R4: Free Revision
Your last (optional) assignment is a free revision of any text you’ve written for this course that you’re interested in working more on and think you can make better. This might include:
- Yet one more draft of R1, R2, or R3;
- Another draft of an X assignment that you didn’t have opportunity to revise before;
- X8, if you make significant changes to it.
In each of these cases, I’ll ask you to send me an email in which you describe the changes you’ve made and why you feel they result in a stronger piece. If you revise an R, and it gets better, it will earn a higher grade. If you revise an X and produce an essay that earns a higher grade than one of your previous Rs, it will replace the lowest of the three R grades. (See Course Grades below for more details.) R4s are due by Friday, 5/18, at 10:00 am.
There is one other option: If you feel content with the work you’ve produced for this course so far, you don’t have to submit anything. You’re done!
Your final grade for this course involves the simplest of calculations. Each of your three final revisions (Rs) counts toward 1/ 4 of your final grade, and your collected work on your Xs counts for the final quarter. (See grades for details.) I use a standard four-point scale in adding up your grades (where B = 3.0, B+ = 3.3, A– = 3.7, A = 4.0), and then divide by 4. And so, for example, if you earned a B, A, A–, and A–, you’d end up with an A– for the course.
Trade your R3s with a partner. Line edit each other’s pieces. By line editing I mean suggesting changes for the sake of clarity and expression. A copy editor works with text; she reads to correct mistakes—typos, misspellings, lapses in punctuation, repeated or omitted words, that sort of thing. A line editor works with prose. Her job is more subtle, difficult, and interesting. She may suggest changes:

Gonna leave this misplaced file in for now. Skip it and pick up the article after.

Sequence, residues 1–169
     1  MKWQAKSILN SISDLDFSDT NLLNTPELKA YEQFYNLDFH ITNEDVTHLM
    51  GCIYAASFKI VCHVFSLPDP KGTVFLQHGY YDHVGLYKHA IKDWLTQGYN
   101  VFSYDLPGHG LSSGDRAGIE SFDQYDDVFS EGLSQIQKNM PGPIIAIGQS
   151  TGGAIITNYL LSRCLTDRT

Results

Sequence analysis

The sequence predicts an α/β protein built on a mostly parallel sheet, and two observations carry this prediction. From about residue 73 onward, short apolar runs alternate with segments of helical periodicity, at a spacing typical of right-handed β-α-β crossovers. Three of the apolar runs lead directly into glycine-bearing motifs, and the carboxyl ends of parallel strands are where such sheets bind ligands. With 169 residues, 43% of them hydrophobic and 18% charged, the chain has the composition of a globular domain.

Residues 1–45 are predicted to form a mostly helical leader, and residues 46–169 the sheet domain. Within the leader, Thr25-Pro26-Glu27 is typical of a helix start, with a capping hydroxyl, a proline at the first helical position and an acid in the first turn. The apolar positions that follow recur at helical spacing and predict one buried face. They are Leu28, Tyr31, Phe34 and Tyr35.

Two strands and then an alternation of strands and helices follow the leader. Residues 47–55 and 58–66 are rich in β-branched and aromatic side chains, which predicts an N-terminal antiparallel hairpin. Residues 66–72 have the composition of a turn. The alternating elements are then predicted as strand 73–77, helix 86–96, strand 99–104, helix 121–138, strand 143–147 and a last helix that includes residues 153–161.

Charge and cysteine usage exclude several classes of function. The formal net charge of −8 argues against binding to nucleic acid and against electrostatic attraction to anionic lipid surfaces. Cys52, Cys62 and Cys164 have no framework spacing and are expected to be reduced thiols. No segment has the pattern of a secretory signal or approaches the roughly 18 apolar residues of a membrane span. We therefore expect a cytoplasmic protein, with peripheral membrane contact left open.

- In wording;
- In the structure of sentences (by combining shorter sentences or dividing longer ones);
- In the order of sentences in a paragraph, or in the ways they are connected to each other;
- In the arrangement of paragraphs or sections in an essay.
And, most important, the line editor tries to do all this while respecting the voice and tone of the author. The goal is to enhance the effectiveness of a piece, not to change its tone (or certainly its content).
For our purposes, I’d like you to suggest at least 10 line-edits to the piece you are working with. These may be adds, cuts, or reworkings. (Feel free to suggest routine copy-edits as well, but they don’t count toward your total.) Be bold. The author does not have to accept your suggestions, and you can always blame me for forcing you to make any suggestions that they don’t like.
Once you and your partner have finished line editing each other’s pieces, read through and talk about them. Feel free to call me over if you have any questions.
- Wed, 5/09, 10:00 am: Post R3 to Google Drive.
- Thurs, 5/10, class: Digitizing texts. Bring your laptop with you.
- Tues, 5/15, class: Last class! X8s, arcade, responses, evaluations, donuts.
- Fri, 5/18, 10:00 am: Post R4 to Google Drive or Medium. Optional